The Environmental Protection Agency made no announcement about the 2021 renewable volume obligations (RVOS) under the Renewable Fuel Standard today, apparently missing the annual statutory deadline for the release of the RVOs.
Renewable Fuels Association President and CEO Geoff Cooper said, “It shouldn’t come as a surprise to anyone that EPA is missing its statutory deadline for publishing the final rule for 2021 RVOs, given that we still haven’t even seen a proposed rule.“
“And even if a proposed rule was released today, it would be next to impossible to have a final rule done by the end of the calendar year, or even by inauguration day.
“At this point, it likely makes more sense to let the new administration handle the 2021 RVO rulemaking process entirely. President-elect Biden has correctly noted that the RFS waivers granted by the current EPA have ‘severely cut ethanol production, costing farmers income and ethanol plant workers their jobs.’
“Thus, we are confident that the new EPA administrator, whoever that may end up being, will stop doing secret favors for oil refiners and ensure the RFS is implemented in a way that is consistent with the law and Congressional intent. We know it may take a few months for the new administration to get a final 2021 RVO rule done, but in the meantime, the statute is crystal clear that refiners must blend at least 15 billion gallons of conventional renewable fuel in 2021.
“So, while there may be some uncertainty around where the final advanced and cellulosic volume requirements may end up, the marketplace should be able to enter 2021 with some level of confidence around the conventional renewable fuel and biomass-based diesel requirements.”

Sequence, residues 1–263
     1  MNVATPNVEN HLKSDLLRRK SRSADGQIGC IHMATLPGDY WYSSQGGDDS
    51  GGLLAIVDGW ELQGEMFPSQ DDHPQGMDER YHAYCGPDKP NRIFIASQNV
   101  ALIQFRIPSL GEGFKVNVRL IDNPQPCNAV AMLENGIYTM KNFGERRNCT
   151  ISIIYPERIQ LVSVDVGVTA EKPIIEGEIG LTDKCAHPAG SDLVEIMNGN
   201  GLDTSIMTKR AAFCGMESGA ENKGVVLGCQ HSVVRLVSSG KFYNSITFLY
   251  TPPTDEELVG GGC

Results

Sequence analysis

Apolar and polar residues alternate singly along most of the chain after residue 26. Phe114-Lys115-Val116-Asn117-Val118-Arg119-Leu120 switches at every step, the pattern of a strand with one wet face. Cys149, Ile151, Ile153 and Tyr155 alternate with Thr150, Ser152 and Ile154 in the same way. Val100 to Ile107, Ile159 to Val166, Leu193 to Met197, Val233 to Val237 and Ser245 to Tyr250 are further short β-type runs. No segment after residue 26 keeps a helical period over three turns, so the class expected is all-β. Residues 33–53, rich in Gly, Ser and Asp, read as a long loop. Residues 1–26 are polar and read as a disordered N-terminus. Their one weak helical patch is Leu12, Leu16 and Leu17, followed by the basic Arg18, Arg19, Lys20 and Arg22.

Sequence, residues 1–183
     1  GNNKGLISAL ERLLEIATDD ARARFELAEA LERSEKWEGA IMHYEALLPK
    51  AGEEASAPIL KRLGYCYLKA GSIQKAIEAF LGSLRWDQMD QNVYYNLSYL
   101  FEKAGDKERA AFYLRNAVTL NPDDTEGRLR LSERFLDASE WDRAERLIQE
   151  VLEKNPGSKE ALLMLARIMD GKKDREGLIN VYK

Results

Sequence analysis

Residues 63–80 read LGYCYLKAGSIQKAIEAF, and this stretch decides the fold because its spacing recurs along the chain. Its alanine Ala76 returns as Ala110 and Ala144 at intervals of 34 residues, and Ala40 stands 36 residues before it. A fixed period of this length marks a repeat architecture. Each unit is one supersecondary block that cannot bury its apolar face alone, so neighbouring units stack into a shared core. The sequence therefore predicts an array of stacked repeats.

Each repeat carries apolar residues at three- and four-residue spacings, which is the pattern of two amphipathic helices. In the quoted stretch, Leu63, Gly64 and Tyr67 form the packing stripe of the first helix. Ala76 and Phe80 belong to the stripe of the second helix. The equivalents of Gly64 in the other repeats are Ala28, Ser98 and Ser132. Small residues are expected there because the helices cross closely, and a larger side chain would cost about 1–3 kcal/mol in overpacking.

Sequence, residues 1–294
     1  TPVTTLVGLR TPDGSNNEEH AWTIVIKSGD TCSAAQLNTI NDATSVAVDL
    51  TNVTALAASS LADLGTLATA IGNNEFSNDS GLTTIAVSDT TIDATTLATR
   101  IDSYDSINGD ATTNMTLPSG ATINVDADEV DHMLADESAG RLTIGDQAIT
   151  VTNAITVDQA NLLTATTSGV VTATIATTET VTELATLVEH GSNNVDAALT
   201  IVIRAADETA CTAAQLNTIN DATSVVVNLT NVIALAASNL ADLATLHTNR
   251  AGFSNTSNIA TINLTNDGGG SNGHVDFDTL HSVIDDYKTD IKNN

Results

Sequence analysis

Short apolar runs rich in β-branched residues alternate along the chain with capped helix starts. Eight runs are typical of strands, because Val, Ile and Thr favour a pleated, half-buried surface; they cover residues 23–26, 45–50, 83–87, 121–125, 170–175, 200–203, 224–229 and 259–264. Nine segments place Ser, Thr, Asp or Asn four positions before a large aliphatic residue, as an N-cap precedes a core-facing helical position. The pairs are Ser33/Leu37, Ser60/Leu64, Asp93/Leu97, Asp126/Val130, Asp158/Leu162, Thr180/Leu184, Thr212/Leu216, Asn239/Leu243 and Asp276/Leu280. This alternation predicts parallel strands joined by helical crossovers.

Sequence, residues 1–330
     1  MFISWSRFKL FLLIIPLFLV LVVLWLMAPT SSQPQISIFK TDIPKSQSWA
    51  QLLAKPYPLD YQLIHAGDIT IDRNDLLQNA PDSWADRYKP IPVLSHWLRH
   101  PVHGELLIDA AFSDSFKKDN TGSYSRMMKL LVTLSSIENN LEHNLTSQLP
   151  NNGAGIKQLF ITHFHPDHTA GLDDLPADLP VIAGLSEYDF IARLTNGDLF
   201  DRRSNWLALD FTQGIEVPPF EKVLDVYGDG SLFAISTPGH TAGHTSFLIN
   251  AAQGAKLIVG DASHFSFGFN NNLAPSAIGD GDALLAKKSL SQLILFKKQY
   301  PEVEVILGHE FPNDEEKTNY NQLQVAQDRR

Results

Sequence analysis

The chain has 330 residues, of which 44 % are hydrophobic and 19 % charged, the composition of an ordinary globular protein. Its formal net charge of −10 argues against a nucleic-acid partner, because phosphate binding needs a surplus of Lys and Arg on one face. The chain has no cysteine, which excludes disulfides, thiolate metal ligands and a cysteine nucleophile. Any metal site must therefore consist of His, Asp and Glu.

National Farmers Union President Rob Larew added, “By punting a decision on 2021’s RVOS to the next administration, EPA is introducing yet more uncertainty to the biofuels industry — uncertainty that most farmers and biofuels producers can’t afford right now.”
“Despite promising again and again to uphold RFS, the Trump administration has consistently undermined the program with its misappropriation of small refinery exemptions, preferential treatment of oil corporations, and disregard for its legal responsibility to restore lost demand, all of which has cost America’s farmers and biofuel producers dearly. To add insult to injury, fuel use — and, consequently, ethanol use — has dropped significantly during the pandemic, cutting deeply into profits.
“Trump’s EPA has almost invariably fallen short in its handling of biofuels, and today’s decision, or lack thereof, is no different. We sincerely hope Biden’s EPA learns from their mistakes and takes biofuels policy in a much more promising direction.”